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What Polling From Both Sides Says About Prospects For California Sports Betting Initiative

Polling presented by California sports betting initiative proponents and Indian tribes opposing the proposal shows differing perspectives on the prospects of online sports betting in the state.

California Sports Betting Polls
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Matthew Kredell Avatar
3 mins read

Polling presented by California sports betting initiative proponents and Indian tribes opposing the proposal shows differing perspectives on the prospects of online sports betting in the state.

Neither survey indicates a clamor for sports betting in the Golden State and both show the damage of negative campaigning last election cycle.

Polling offered by the Coalition for Safe, Responsible Gaming suggests the views of California voters haven’t changed since the last election when two ballot measures lost badly.

Pechanga and Graton Rancheria lead the coalition that opposed online sports betting Prop 27 and supported in-person sports betting Prop 26 last year. It includes many members of the California Nations Indian Gaming Association that officially came out against the new online sports betting initiatives last week.

Jacob Mejia, spokesperson for the coalition and vice president of public affairs for the Pechanga Development Corp., told PlayUSA:

“The polling is clear that, from a voter’s perspective, this thing is doomed from the start, even before they move to collect signatures. I think the Lakers have a better chance of winning the Super Bowl than this ill-conceived proposal has of passing.”

California sports betting initiative proponents offer a rosier but still tenuous outlook for online sports betting if done in a way that puts the current unregulated market under tribal control.

Poll finds CA voter views unchanged on sports betting

FM3 Research, which did polling for the Coalition for Safe, Responsible Gaming last election cycle, offered a recent survey of California voters conducted after the filing of two sports betting initiatives for the 2024 election.

Asked about their thoughts on legalizing online sports betting, 30% of California voters supported and 63% opposed. That’s within 2% of FM3’s final poll before last November’s election. And online sports betting Prop 27 didn’t even reach that number with only 17.7% voting yes.

Pollsters, who surveyed 837 California voters from Nov. 4 to Nov. 9, then presented the initiative with an equal number of arguments for and against. Support increased mildly to 33% with 59% still opposed.

“The majority of voters continue to strongly dislike online sports betting, especially when it’s not from tribes,” Mejia said. “I think the sponsors would be wise to reconsider their plans. This would be a monumental setback for sports betting in California.”

Initiative proponents find optimism in polling

Kasey Thompson, spokesperson for the California sports betting initiative filings and CEO of Eagle 1 Acquisition Co., the company behind the filings, provided PlayUSA with polling of 800 California voters conducted Aug. 29 to Aug. 31 by RG Strategies.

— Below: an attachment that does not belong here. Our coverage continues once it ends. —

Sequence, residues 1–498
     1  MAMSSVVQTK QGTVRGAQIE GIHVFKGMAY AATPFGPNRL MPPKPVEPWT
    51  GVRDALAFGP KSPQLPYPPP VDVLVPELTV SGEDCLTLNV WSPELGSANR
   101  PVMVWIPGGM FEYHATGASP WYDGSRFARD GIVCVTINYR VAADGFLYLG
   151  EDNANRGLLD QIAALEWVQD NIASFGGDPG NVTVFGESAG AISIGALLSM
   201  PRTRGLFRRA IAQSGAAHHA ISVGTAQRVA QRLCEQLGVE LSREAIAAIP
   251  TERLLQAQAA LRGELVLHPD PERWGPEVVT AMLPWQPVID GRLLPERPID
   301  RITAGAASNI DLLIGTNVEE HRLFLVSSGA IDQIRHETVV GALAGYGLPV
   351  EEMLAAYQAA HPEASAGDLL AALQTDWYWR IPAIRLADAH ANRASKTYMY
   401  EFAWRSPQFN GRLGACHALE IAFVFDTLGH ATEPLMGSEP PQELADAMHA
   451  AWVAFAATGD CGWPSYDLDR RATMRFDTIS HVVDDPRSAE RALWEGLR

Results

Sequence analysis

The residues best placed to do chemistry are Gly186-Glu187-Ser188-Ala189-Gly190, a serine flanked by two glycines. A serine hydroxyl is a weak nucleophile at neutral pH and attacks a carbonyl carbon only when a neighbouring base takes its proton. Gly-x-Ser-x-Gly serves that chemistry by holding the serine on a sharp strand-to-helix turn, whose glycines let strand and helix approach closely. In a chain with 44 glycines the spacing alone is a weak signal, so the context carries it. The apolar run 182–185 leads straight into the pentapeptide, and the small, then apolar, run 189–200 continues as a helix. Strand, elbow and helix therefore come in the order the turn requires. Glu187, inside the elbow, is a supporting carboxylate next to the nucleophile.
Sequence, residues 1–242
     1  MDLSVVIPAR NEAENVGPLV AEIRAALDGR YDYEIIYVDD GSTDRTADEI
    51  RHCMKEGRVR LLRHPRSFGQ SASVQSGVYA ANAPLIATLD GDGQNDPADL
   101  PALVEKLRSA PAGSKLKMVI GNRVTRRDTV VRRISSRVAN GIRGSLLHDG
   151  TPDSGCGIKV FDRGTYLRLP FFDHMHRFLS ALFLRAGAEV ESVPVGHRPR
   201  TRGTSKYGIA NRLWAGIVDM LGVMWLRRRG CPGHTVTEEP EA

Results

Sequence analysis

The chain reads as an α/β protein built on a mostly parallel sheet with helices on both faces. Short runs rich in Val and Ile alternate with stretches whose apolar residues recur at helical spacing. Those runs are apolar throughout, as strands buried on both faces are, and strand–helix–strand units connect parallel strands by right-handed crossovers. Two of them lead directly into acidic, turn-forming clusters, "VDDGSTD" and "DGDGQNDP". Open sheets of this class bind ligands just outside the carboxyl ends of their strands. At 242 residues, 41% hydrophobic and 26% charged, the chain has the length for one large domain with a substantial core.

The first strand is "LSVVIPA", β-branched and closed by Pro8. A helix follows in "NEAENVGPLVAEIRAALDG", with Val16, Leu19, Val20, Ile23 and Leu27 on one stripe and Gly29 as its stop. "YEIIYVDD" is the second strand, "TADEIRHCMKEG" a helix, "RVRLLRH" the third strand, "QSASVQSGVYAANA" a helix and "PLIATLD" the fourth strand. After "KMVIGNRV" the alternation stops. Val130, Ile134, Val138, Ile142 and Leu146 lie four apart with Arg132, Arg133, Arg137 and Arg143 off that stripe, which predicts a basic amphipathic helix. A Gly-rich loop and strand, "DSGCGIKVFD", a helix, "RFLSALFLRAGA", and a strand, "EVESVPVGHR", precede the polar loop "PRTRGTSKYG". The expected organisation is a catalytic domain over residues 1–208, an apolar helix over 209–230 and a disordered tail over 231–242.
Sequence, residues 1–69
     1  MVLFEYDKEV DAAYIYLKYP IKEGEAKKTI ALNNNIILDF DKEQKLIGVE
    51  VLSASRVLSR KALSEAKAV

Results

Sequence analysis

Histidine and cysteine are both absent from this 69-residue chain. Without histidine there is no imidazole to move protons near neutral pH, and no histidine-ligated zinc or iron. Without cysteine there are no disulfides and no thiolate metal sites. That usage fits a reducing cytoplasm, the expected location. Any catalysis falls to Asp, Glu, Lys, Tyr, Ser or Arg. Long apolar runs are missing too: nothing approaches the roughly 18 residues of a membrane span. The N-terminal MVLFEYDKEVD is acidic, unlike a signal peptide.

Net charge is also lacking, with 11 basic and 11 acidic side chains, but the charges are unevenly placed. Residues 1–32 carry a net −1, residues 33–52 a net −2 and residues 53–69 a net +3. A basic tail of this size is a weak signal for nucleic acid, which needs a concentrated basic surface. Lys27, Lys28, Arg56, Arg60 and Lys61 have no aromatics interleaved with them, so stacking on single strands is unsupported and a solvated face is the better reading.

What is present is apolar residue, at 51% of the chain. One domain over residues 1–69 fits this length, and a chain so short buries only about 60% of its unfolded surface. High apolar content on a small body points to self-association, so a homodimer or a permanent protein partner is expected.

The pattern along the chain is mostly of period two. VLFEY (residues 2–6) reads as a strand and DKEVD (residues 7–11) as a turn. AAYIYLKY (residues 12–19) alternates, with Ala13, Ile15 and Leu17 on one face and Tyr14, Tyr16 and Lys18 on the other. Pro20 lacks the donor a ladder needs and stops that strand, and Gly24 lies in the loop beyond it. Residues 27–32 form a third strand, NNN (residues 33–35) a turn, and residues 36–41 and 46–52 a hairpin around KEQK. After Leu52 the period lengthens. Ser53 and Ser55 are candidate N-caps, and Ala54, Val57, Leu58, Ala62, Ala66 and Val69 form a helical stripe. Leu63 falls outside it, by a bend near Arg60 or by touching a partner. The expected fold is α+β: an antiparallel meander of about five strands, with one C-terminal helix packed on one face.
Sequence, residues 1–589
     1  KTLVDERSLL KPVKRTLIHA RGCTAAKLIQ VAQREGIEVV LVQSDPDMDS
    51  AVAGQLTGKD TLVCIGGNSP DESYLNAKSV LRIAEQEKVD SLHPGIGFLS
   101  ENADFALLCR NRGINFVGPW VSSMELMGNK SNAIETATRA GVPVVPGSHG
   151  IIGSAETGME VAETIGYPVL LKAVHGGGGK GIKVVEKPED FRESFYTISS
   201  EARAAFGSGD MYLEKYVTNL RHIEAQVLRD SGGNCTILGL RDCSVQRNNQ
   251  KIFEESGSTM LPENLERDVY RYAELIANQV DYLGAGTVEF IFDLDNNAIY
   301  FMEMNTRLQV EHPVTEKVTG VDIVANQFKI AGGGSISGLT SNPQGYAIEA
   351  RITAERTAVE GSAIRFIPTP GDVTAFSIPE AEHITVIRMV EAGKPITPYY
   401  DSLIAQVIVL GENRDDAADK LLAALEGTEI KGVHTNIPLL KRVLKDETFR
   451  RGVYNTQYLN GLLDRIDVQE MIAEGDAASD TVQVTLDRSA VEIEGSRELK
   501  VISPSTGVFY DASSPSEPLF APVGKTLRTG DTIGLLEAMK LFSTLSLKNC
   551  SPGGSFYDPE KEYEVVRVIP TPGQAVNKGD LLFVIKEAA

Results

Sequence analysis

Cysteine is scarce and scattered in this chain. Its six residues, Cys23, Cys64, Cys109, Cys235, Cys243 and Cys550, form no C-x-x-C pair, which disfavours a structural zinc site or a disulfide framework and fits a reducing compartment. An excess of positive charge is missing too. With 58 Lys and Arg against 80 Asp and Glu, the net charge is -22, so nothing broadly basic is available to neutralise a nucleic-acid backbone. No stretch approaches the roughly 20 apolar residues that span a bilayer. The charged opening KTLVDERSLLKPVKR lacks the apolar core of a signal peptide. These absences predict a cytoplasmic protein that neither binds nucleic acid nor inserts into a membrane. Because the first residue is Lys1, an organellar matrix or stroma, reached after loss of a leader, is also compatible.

Initial polling on online sports betting is similar, with 35% in support and 48% opposed.

Thompson’s proposal to tribes includes handing over ownership of a significant amount of the offshore sports betting market currently operating unregulated in the state. After providing details on the illegal online sports betting market in the state, pollsters asked:

“Would you support or oppose a law allowing sports betting in California if run by tribal casinos who acquire the offshore sports betting assets, have them licensed and in turn offer a regulated taxed online sports betting industry to Californians by all licensed casinos, racetracks and cardrooms?”

Support increased to 50% with 35% opposed.

That’s still not nearly as high as initiative proponents typically want to see before facing an opposition campaign. Last year, Prop 27 proponents showed 62% support for their online sports betting initiative before it went down in flames.

But Thompson, who clarified that cardrooms won’t be part of the initiative, is undeterred.

“As people continue to hear about this, that number will keep going up and up,” Thompson said.

If proponents opt to move forward with their proposal, one advantage is that it would be the only sports betting initiative on the ballot. Thompson said his focus is on getting support from tribes and commercial entities. He said he believes support from voters will follow.

“I believe that California voters are just like the other 39 states that have wanted sports betting. They were confused last year with two initiatives and the most expensive negative campaign in US history thrown at them. I think they want the tribes to come together, and if they do they will get behind it and move forward together like the PGA and LIV Golf.”

Matthew Kredell Avatar
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Matthew Kredell serves as senior lead writer of legislative affairs involving online gambling at PlayUSA. He began covering efforts to legalize and regulate online gambling in 2007 and has interviewed more than 300 state lawmakers around the country.

View all posts by Matthew Kredell

Matthew Kredell serves as senior lead writer of legislative affairs involving online gambling at PlayUSA. He began covering efforts to legalize and regulate online gambling in 2007 and has interviewed more than 300 state lawmakers around the country.

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